Wildlife Pond - No Wildlife ???

Discussion in 'Introductions' started by MIKE THOMAS, Jul 25, 2010.



    Jul 25, 2010
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    Bedfordshire, uk
    2 years ago I had a pond installed in my back garden, we made use of a rise in level of the ground to put the pond in front of this mound and created a stream pumping water from the pond up the hill and it tumbles down the hill like a mountain stream. We used a butyl liner and caledonia pebbles to give a mountain stream/pond effect. The pond is about 12 ft. across about 2 ft deep in the centre. Initially after planting with a water lily and marginal plants plus oxygenators we put in fish, they unfortunately soon died in a heatwave at the end of May last year. I took one fish to garden centre where they came from and a sample of the water, water was fine and the only thing they suggested was that the fish probably died of lack of oxygen. We were only turning the pump on during the day at that time.

    This year we have not tried fish at all and noticed a distinct lack of wildlife in the pond, a few water boatmen and some dragon fly larva cases, plus one or two frogs. We also had a big problem with blanket weed and finally resolved this but using Kockney Pond Medic Green Go Blanket Weed Controller.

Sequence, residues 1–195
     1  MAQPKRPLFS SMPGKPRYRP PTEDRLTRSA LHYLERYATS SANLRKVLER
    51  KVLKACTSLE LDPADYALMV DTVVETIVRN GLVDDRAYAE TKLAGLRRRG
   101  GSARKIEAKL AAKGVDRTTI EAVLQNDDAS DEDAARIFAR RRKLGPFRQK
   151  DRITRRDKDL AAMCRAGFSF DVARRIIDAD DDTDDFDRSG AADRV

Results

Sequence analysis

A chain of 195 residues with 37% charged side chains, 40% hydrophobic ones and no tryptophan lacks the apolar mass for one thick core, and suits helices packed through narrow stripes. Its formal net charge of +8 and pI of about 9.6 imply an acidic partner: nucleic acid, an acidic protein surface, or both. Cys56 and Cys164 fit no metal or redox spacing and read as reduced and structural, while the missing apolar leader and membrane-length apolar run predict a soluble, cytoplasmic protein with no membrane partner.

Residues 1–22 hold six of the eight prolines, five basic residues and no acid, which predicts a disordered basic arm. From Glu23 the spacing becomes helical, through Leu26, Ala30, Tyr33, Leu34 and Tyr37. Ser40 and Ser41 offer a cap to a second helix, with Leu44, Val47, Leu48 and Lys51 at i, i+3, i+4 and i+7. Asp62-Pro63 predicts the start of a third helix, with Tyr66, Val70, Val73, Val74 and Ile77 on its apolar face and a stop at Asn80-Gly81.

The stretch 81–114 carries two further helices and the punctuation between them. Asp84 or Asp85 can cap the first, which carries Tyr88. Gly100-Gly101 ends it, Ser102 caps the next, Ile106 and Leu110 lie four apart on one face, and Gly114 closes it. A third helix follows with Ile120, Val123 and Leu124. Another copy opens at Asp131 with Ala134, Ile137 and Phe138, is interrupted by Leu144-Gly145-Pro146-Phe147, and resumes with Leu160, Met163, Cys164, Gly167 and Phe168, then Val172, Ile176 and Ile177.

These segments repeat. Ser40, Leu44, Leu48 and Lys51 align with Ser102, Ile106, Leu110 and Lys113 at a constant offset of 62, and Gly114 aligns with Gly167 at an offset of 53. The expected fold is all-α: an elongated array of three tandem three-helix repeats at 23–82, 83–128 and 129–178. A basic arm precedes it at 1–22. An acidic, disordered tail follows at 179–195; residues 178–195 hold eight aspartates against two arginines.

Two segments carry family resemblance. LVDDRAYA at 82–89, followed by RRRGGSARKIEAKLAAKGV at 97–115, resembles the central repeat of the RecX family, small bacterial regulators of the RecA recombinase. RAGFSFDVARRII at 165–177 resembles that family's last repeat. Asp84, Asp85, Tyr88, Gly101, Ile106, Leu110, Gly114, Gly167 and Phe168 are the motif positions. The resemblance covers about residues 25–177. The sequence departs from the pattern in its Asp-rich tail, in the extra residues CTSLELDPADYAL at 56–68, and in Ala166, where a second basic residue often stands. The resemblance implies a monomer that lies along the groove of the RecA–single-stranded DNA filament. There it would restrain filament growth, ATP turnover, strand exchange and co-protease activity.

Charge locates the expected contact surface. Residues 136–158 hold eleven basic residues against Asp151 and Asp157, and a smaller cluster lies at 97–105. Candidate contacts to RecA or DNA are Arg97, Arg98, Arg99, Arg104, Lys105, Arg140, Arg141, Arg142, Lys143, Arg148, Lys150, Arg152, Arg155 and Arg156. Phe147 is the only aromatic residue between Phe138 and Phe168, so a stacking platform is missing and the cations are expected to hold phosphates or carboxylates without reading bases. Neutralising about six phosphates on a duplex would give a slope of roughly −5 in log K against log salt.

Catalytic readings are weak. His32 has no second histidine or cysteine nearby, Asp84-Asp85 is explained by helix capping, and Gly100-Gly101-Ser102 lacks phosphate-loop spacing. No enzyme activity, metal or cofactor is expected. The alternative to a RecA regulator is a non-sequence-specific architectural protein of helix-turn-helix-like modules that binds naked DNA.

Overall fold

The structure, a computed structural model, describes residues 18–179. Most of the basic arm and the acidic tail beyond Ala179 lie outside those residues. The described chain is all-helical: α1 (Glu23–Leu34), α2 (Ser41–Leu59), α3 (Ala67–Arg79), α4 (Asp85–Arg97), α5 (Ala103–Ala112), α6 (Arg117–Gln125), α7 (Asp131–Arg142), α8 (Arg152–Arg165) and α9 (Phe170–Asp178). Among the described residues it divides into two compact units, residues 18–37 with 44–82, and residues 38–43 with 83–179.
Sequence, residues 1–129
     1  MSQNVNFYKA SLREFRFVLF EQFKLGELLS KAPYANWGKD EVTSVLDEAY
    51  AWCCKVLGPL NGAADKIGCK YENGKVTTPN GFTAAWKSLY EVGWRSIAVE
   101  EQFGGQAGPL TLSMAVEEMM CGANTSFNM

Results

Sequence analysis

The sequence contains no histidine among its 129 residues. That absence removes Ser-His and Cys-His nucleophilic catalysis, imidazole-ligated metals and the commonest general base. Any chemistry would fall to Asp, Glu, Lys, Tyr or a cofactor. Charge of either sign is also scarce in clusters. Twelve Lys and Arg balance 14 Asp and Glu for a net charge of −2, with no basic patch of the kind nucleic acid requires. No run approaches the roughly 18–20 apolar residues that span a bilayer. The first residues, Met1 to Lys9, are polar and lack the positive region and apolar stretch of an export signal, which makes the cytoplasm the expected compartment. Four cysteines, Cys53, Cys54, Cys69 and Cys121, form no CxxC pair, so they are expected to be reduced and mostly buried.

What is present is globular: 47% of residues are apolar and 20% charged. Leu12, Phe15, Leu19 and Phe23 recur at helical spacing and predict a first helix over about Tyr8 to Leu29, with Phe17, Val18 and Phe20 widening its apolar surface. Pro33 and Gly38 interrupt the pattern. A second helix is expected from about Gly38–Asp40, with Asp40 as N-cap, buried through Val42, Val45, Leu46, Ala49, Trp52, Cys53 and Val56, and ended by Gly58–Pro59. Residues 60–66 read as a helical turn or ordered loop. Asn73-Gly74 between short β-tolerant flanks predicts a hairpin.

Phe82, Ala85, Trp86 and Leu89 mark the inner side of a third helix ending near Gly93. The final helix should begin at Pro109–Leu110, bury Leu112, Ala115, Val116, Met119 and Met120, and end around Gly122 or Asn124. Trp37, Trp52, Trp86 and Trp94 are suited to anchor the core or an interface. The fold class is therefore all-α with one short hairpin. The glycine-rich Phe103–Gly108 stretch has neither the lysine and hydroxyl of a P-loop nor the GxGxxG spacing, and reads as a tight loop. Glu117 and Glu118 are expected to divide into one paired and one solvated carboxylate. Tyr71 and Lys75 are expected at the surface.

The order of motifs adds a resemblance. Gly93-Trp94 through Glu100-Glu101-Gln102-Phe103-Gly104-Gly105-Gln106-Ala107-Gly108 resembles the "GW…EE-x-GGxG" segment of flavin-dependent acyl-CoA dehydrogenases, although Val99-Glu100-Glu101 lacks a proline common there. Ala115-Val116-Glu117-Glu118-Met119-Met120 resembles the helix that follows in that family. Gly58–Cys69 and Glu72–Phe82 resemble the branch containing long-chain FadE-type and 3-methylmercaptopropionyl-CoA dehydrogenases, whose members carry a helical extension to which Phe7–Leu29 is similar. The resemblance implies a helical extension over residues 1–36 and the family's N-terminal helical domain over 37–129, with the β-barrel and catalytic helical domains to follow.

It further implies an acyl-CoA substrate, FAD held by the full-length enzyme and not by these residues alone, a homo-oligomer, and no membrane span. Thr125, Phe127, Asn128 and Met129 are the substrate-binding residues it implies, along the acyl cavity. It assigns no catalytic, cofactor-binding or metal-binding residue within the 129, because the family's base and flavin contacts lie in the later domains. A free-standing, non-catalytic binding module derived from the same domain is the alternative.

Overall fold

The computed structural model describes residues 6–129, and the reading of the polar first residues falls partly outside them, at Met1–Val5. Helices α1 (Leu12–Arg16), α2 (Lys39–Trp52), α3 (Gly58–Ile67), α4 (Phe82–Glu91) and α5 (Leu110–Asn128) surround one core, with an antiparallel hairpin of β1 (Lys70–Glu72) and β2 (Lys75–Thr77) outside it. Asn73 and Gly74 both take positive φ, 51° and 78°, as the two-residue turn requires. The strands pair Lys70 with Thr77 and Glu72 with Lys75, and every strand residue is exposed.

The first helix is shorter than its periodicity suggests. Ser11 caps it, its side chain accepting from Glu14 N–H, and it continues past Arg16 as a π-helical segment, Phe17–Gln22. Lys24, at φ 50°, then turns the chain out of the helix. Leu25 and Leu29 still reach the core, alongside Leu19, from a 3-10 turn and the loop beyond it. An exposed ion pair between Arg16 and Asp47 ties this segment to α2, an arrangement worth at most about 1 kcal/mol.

The pump is now running all the time except when we are away on holiday.
    The plants are thriving around the edges of the pond but not much activity below the surface.
    The pond is in the open, ie no trees overhanging.

    Any thoughts about anything we can do to encourage more wildlife in our pond ??
    MIKE THOMAS, Jul 25, 2010
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    DrDave Innovator Moderator

    Aug 29, 2007
    Likes Received:
    Fallbrook, Ca USA
    First of all welcome to the forum.

    Your pond needs, fish, floating plants, a bio filter, a pump running 24/7 nonstop and good circulation to avoid dead spots.

    The fish will fetilize the plants and help get a natural balance in the pond. Stagnant water always goes bad, never turn off a pump that is providing movement. Never turn off a filter that provides the bio element needed to keep the toxins in check.

    With all of these in place, you can enjoy a clear and healthy pond. There are thousands of threads on this forum, many will give you advice for your particular pond. You need to sort out what works best for you and who you think is going to guide you to success.

    Beware there is also bias in some of the posts that not all of us agree with.
    DrDave, Jul 25, 2010
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